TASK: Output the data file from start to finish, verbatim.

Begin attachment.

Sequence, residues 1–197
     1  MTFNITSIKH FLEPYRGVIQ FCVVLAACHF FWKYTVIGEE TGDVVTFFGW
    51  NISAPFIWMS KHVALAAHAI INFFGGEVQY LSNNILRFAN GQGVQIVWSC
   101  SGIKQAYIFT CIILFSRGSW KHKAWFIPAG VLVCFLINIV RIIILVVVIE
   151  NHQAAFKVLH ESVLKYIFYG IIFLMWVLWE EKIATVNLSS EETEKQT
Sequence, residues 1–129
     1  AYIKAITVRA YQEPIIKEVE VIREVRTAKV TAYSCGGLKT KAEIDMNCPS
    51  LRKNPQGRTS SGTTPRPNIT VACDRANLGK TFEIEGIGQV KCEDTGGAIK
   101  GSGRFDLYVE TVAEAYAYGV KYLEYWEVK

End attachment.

Sequence, residues 1–197
     1  MTFNITSIKH FLEPYRGVIQ FCVVLAACHF FWKYTVIGEE TGDVVTFFGW
    51  NISAPFIWMS KHVALAAHAI INFFGGEVQY LSNNILRFAN GQGVQIVWSC
   101  SGIKQAYIFT CIILFSRGSW KHKAWFIPAG VLVCFLINIV RIIILVVVIE
   151  NHQAAFKVLH ESVLKYIFYG IIFLMWVLWE EKIATVNLSS EETEKQT
Sequence, residues 1–129
     1  AYIKAITVRA YQEPIIKEVE VIREVRTAKV TAYSCGGLKT KAEIDMNCPS
    51  LRKNPQGRTS SGTTPRPNIT VACDRANLGK TFEIEGIGQV KCEDTGGAIK
   101  GSGRFDLYVE TVAEAYAYGV KYLEYWEVK